The Supernatural role playing game came out in 2009. It didn’t last long, but it had a few worthy supplements to enhance the game. Now, it’s a collectible for Supernatural fans. Get our review after the jump.
Supernatural RPG Background
Margaret Weis Productions landed the game license in 2007 and it launched in 2009. The game used the Cortex system. By 2010, there were 2 supplements released to expand on the game. Unfortunately, they didn’t hold a license to use the robust fiction written by authors like Tim Waggoner. That limited the source material to the show.
In 2011, Margaret Weis Productions lost its license and the game ceased.
As Supernatural readies its final season, the Supernatural RPG could be a great bit of nostalgia for fans, even if it only covers the first 5 seasons.
The lead-off chapter gives a decent, albeit generic, overview of the Supernatural universe. You get some geography, what it’s like to be a hunter, a touch of monsters and ghosts … and that’s about it.
To me, it seems like the production studio knew the game was for the fans, so they gave the setting 9 pages. If you know the show, this is probably all you need. However, the setting described can’t compete with Hunter: The Vigil, Hunter: The Reckoning and other monster- or ghost-hunting games.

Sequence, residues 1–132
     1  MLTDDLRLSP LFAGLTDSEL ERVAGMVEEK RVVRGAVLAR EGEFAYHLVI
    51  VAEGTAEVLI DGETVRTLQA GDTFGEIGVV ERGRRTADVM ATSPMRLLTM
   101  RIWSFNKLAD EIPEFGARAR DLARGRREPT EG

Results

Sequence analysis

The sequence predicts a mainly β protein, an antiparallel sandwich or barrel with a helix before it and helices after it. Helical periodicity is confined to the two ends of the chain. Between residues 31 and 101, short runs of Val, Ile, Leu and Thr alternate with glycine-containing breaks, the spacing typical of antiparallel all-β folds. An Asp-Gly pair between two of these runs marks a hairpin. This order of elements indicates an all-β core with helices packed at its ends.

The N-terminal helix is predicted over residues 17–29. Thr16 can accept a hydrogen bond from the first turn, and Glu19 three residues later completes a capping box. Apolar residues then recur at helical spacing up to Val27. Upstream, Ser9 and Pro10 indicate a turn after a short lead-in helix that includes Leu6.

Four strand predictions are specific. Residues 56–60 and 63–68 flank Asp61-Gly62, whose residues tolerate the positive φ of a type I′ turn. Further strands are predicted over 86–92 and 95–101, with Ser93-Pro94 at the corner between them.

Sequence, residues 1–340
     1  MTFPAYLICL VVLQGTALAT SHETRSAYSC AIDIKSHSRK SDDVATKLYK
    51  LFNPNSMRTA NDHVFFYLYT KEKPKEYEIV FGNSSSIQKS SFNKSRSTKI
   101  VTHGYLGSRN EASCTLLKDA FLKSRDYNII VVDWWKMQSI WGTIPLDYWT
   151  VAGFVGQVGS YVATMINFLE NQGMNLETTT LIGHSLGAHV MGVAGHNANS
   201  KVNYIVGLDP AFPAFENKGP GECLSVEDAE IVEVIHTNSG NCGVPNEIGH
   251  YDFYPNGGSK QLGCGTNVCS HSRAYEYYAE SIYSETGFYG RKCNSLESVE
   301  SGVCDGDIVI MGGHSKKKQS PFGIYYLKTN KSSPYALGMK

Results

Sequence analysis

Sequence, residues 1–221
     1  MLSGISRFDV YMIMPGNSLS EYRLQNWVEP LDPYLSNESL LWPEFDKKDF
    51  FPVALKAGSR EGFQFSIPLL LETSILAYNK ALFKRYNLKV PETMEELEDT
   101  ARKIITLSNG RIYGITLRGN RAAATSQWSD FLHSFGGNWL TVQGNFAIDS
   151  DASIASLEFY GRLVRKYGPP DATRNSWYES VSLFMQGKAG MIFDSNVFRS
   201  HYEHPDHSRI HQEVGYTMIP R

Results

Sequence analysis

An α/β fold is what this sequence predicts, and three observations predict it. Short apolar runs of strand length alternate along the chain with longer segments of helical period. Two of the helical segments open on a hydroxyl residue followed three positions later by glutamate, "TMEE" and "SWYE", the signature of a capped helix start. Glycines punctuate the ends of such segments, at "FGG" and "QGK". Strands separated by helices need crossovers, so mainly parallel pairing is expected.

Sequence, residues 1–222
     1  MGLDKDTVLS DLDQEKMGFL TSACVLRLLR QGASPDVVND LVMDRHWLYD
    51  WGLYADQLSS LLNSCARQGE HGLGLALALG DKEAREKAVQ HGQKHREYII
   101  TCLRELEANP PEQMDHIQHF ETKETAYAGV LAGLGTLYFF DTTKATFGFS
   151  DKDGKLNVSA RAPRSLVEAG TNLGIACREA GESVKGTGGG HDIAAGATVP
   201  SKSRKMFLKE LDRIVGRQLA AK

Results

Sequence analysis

You have to wait until Chapter 7: The Story for more. This chapter is for the game masters, who run the campaigns. It clocks in at a lean 24 pages. You’ve read it all before, but it was likely more developed in other games. I was a bit shocked at how minimal it is.
If the game had survived, they’d have to produce a player’s guide and game master’s guide to fill in the missing details.
The game used the Cortex system for action, using skills and killing beasties. Luckily, The Basics section gives a decent overview before you try it (at only 6 pages). I always thought the Cortex system was clunky. The math and roleplay weren’t very intuitive. Nowadays, not many games use it. At the time, Margaret Weis Productions used it for Serenity and Battlestar Galactica.
Anyway, the rules do a good job showing you when you need to role, how to calculate scores, how damage works, when to use plot points to change a role, a touch of advancing. The bulk of the mechanics get developed under Chapter 6: The Rules.